Whales are the largest animals that have ever lived on our planet, yet we know very little about them. New species of whales are still being discovered, and we are learning more all the time. One group that is learning more about whales are students of SPU Assistant Professor of English Peter Moe. During Summer Session 2020, these students assembled the skeleton of a 29-foot juvenile gray whale, Eschrichtius robustus.

Working 84 hours over 14 days, 20 students, along with Facilities and Maintence staff, assembled the 250 bones of the Longbranch Whale's 518.3-pound skeleton.

Watch on YouTube >

The Elusive Whale


In 2019, SPU Assistant Professor of English Peter Moe heard about a grey whale carcass that had washed ashore on a private beach in Longbranch, Washington.

Whale skeleton articulation course

Summer Session 2020, a group of SPU students assembled (“articulated”) the skeleton of that whale, and along the way engaged in interdisciplinary inquiry as a way of coming to know the unknown. Moe taught the course with Rus Higley, director of the Marine Science and Technology Center at Highline College, who is an experienced whale assembler — this was Higley’s fourth whale assembly. During the course, SPU faculty and invited guest lecturers spoke about whales from their respective disciplines, including theology, biology, and art. As the class syllabus explains,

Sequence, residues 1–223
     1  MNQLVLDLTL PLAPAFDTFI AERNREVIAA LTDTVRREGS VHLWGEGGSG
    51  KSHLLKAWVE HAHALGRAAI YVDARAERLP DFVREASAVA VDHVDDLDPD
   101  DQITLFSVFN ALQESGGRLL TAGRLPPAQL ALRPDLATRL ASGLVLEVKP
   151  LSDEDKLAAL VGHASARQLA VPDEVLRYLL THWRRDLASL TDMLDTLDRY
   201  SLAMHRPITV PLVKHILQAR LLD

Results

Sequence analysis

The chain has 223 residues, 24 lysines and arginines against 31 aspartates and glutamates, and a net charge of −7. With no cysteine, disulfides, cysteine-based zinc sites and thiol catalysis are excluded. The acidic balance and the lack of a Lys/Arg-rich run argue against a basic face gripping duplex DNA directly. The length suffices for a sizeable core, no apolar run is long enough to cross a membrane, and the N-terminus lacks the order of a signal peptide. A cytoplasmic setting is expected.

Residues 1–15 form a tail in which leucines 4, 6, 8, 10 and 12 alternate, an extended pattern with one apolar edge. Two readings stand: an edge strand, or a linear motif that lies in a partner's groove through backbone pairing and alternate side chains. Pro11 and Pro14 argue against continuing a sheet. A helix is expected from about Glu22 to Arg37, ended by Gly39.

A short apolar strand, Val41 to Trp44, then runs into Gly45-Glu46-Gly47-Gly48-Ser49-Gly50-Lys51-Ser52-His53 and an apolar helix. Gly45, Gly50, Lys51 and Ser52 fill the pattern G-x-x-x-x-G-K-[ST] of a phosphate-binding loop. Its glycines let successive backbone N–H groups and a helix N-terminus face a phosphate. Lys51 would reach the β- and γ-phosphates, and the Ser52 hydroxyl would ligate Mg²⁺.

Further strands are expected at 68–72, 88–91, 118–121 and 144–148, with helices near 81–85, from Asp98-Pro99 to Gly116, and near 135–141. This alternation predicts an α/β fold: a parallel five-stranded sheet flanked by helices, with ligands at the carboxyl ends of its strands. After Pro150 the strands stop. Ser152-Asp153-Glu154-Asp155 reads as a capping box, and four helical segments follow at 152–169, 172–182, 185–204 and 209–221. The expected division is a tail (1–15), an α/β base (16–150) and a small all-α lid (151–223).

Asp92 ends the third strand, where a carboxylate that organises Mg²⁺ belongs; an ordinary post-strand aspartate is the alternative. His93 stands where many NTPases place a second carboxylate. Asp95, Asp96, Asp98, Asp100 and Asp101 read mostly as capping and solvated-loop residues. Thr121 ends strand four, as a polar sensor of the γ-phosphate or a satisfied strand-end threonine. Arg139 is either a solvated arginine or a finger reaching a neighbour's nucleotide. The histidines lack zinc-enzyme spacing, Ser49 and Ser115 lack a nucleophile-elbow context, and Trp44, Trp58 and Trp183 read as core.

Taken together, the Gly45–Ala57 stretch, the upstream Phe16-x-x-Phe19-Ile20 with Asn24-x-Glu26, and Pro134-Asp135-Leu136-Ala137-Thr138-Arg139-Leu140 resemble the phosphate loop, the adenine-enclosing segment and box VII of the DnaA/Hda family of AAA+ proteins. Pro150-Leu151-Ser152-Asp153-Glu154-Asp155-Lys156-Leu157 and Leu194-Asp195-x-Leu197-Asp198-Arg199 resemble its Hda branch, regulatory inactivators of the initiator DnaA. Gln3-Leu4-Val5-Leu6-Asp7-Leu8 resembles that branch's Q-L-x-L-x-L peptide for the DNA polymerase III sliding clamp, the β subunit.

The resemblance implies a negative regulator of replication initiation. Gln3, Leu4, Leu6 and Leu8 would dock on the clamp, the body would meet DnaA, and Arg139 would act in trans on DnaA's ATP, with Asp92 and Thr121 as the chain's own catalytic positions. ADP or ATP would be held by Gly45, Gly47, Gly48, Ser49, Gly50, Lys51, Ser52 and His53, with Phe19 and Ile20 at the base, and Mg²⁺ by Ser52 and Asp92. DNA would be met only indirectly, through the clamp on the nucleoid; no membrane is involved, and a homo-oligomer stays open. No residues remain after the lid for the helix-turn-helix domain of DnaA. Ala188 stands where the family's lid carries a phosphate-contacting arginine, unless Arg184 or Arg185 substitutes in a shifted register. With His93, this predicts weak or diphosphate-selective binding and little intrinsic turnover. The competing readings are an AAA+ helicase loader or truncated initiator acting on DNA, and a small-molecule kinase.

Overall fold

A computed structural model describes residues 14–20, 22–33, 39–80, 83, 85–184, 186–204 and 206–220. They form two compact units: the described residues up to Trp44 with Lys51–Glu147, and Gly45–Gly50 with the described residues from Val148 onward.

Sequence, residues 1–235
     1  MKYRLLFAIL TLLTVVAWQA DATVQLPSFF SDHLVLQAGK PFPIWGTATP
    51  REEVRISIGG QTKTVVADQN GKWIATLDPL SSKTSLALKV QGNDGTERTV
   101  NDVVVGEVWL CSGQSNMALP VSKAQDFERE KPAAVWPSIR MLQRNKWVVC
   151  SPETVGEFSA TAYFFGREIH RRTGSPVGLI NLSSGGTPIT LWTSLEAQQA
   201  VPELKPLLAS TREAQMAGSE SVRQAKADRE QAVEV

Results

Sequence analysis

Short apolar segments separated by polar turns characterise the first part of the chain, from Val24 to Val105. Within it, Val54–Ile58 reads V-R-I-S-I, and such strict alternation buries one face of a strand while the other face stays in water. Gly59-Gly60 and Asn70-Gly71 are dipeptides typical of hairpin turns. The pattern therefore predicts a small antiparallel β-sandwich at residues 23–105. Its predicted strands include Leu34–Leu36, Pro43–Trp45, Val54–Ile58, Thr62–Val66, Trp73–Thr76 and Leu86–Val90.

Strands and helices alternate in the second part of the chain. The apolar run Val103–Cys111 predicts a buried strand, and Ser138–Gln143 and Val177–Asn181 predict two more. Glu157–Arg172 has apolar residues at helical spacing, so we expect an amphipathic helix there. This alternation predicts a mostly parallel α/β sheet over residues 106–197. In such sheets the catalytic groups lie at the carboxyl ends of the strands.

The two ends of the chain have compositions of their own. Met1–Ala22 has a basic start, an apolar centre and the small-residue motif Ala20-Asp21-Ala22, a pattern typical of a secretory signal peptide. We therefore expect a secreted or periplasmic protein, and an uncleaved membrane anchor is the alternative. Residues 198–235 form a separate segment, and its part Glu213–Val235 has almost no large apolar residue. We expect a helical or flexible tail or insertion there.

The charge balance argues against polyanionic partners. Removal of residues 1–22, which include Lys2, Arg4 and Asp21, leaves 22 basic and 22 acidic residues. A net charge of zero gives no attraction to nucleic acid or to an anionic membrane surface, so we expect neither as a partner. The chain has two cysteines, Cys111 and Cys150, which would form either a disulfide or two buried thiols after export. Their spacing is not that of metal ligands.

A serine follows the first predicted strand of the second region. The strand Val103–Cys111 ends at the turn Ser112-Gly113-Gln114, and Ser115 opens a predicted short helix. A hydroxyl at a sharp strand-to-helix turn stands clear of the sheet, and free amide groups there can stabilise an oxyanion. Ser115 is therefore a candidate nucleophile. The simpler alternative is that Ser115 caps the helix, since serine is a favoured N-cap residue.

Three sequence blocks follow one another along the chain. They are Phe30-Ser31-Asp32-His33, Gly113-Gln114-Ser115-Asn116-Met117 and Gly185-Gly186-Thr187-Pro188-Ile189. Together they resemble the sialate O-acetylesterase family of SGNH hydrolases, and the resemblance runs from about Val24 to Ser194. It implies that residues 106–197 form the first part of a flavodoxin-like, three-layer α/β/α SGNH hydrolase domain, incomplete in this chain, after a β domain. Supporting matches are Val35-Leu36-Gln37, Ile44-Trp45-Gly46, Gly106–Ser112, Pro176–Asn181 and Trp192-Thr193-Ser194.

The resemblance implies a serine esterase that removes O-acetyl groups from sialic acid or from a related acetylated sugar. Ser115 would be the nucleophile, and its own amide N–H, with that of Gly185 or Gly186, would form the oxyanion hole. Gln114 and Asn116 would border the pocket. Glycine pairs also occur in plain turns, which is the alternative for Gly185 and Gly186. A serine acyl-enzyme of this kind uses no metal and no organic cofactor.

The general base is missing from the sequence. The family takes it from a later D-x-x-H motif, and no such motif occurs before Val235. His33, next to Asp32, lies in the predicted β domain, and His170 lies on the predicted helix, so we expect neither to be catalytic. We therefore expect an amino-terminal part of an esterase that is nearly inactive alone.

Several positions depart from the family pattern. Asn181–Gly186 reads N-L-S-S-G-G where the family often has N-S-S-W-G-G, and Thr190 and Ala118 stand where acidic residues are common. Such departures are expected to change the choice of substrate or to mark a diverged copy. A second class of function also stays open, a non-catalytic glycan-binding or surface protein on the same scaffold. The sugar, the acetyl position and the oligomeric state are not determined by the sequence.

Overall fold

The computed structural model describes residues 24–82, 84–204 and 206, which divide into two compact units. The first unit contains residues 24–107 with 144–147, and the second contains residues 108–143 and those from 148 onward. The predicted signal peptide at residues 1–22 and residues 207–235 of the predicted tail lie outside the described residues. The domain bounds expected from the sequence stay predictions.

This is an effort to practice interdisciplinary inquiry, to explore how one field might enrich another, putting us in a position to learn something we could not have learned within our own disciplines alone. By coming to know whales, we can work toward saving them. 

In Moby Dick, Ishmael warns readers against speaking too much about what it’s like inside a whale — “have a care how you seize the privilege of Jonah alone” he says — but after these four weeks, four weeks where you will handle this whale’s very bones, four weeks of standing within her jaws, four weeks of peering out through her ribs, you may be in a place to say something of what a whale is.

The articulated skeleton now hangs in the lobby of Eaton Hall.

Eschrichtius Robustus Speaker Series on Zoom

“Knowing Whales,” Part 1 [Lecture recording*]

Wednesday, Aug. 19, 7 p.m.

  • “Epistemology and Whales,” Matthew Benton, SPU assistant professor of philosophy
  • “Jonah and the Whale,” Sara Koenig, SPU associate professor of biblical studies
  • “Whales as Installations,” Alison Stigora, SPU assistant professor of sculpture
  • “A Whale’s Pelvis,” Ryan Bebej, Calvin University associate professor of biology

*Due to technical difficulties, the first 30 minutes did not get recorded.

“Knowing Whales,” Part 2 [Lecture recording*]

Wednesday, Aug. 26, 7 p.m.

  • “Job 41, Theodicy, and the Leviathan,” Jeff Keuss, SPU professor of Christian ministry, theology, and culture
  • “Mother’s Milk,” Gaile Moe, SPU professor emerita of family and consumer sciences
  • “Metaphor and the Incomprehensible,” Mischa Willett, SPU instructor of education, English, and writing

*Due to technical difficulties, the first 30 minutes did not get recorded.

“Save the Whales” [Lecture recording]

Wednesday, Sept. 2, 7 p.m. 

  • Lynda Mapes, award-winning environmental journalist, The Seattle Times  
  • Jessie Huggins, stranding coordinator for Cascadia Research Collective
  • Kristin Wilkinson, stranding coordinator for National Oceanic and Atmospheric Administration
  • Eric Long, SPU professor of biology